The player responsible for putting The Process in motion could be returning to the Philadelphia 76ers.
Guard Jrue Holiday, who was traded to the New Orleans Pelicans in July 2013 in exchange for Nerlens Noel and a 2014 first-round pick, is slated to become a free agent this summer, and the Sixers are expected to be one of his suitors.
From ESPN’s Zach Lowe:
That would leave only Sacramento, Philadelphia, New York, and perhaps Orlando as big-money suitors in dire need of a point guard. The Sixers will take a hard look at Holiday, sources say; he fits what they need around Ben Simmons, and the hilariousness of Philly bringing Holiday back after flipping him to start The Process is irresistible.
Holiday, 26, is currently averaging 13.9 points and 7.1 assists while shooting 42.1 percent from the field and 36.6 percent from beyond the arc.
As Lowe alluded to, bringing back the Sixers’ first-round pick in 2009 makes perfect sense from a fit perspective. Holiday is a perfect secondary ball handler, someone who can create looks for himself or knock down shots as a spot-up shooter. He currently sits tenth in the NBA in assists per game (although he’s not qualified to be on the leaderboard because he hasn’t played enough games yet), which could add a really unique dynamic with Simmons.
Imagine the Sixers running a one-two pick-and-roll with Holiday dishing and Simmons diving to the rim. Or utilizing a horns set with Holiday handling the ball where Simmons rolls into the lane while Joel Embiid pops for a three. There’s so many ways the Sixers could experiment here.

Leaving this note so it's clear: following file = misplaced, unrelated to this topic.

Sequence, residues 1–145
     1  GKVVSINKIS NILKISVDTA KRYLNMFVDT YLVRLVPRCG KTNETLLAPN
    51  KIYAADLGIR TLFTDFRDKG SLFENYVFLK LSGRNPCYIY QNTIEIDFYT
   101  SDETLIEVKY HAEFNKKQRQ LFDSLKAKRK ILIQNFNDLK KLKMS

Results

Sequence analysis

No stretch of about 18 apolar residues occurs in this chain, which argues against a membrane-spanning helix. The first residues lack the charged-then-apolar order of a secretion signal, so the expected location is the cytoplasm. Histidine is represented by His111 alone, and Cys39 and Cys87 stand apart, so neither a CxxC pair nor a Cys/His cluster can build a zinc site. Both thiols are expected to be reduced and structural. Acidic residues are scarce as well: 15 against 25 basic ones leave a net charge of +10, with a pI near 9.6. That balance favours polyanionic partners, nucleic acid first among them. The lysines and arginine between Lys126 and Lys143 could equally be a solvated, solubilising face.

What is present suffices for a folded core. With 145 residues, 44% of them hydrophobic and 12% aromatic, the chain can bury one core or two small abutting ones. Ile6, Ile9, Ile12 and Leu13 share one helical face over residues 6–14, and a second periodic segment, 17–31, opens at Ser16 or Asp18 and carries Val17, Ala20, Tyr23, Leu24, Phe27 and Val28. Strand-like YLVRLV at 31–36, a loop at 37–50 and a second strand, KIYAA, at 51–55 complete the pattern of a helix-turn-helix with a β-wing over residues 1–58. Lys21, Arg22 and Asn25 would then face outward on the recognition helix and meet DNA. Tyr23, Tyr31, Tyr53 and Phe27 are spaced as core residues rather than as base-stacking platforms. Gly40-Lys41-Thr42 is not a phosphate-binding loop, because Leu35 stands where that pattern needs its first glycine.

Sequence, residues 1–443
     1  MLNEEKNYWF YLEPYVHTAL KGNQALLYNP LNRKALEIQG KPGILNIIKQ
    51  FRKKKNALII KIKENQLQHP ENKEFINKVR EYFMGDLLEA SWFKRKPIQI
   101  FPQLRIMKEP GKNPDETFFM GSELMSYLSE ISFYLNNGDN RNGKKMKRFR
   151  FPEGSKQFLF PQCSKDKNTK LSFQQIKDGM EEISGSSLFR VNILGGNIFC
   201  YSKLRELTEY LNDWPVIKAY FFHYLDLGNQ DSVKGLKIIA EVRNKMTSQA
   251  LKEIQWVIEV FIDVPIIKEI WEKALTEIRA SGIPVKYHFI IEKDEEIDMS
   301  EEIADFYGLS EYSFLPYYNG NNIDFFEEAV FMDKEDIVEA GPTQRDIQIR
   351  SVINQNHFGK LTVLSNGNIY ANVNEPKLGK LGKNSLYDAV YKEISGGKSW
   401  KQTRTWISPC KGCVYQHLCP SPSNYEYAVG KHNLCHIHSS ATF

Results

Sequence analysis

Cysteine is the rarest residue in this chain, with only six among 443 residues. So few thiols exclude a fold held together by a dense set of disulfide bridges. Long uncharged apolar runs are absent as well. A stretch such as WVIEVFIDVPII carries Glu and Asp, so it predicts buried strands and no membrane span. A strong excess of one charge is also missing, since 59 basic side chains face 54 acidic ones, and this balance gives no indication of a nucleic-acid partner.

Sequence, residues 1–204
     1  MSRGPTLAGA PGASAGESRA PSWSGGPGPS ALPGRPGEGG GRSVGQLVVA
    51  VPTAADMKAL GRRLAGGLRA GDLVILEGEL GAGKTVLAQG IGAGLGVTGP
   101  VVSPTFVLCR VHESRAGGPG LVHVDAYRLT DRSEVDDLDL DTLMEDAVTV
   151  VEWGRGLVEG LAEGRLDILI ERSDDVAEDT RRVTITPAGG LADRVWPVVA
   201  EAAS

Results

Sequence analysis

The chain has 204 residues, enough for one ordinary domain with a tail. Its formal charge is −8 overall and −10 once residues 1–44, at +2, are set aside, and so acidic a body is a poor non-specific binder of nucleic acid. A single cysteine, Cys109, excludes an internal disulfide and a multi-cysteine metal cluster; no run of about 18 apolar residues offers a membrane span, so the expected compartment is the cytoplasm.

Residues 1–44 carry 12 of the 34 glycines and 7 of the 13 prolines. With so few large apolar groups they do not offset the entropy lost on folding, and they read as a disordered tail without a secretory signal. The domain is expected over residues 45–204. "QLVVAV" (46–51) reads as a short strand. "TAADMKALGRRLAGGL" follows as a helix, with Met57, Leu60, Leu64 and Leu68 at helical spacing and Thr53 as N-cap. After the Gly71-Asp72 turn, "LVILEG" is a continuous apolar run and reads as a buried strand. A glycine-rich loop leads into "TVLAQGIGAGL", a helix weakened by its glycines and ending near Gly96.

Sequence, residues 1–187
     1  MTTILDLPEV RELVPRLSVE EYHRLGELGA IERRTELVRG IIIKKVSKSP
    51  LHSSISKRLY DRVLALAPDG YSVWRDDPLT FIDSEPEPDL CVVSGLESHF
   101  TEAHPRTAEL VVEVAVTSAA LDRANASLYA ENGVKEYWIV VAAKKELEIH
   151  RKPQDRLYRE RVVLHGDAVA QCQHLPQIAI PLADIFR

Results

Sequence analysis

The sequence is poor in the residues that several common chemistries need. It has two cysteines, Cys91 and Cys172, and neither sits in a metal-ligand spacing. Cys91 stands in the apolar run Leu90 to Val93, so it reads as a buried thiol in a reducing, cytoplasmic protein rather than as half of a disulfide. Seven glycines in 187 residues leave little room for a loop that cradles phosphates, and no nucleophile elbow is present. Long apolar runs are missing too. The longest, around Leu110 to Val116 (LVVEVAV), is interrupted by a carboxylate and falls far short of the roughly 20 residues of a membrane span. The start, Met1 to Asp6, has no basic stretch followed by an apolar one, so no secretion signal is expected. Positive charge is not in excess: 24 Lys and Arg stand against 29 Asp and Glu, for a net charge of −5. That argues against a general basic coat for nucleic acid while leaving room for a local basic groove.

But for all the positives that this relationship could bring, the one issue that could derail it all would be Holiday’s health. If you’ll recall, the old Sixers regime was fined $3 million for not fully disclosing his injury history to the Pelicans when the trade went down, as Holiday had apparently been dealing with a stress fracture in his last season in Philadelphia.
The right leg injury followed Holiday to New Orleans, and cost him 90 out of 162 possible games in his first two seasons with the Pelicans. Last season, he missed the final 17 games with a right interior orbital wall fracture. Lowe’s article indicates this is the healthiest Holiday has been in a considerable amount of time, but someone who already has a pattern of lower body injuries may not live up to his worth as he steadily approaches 30.
Considering that teams are still adjusting the massive jump in cap space, no real pattern for free-agent contracts has been established, but players cut from a similar cloth signed deals last summer similar to what Holiday is getting now. Jordan Clarkson, Jeremy Lin, and Tyler Johnson are receiving average salaries in the ballpark of $11-12.5 million, although Johnson’s poison pill deal will pay him $38 million over the final two years.
Despite the injuries, Holiday is a much more proven entity than guys like Clarkson and Johnson, which will likely lead him to receiving more average money than his counterparts. The market will certainly dictate what Holiday receives, so if the Knicks hold onto Derrick Rose and the Magic are happy with Elfrid Payton’s development, maybe the seven-year veteran would be more agreeable to a team friendly deal. But If a bidding war for Holiday’s services were to break out amongst Philadelphia, New York, and Orlando, throwing $16-20 million a year at him should give Colangelo some pause.
If the Sixers are somehow able to entertain Holiday with an offer in the $12-14 million range annually, then it’s worth taking the chance on him being able to sustain his current level of health and play. Philadelphia has the most cap space in the NBA, so even if a potential Holiday deal doesn’t work out as anticipated, his signing won’t necessarily impact Bryan Colangelo’s ability to bring in other high-level free agents.
On paper, signing Holiday makes a good amount of sense, and he would definitely have a lot of worth to this Sixers core. However, his salary demands will be the main reason he returns to Philadelphia, or finds a home elsewhere.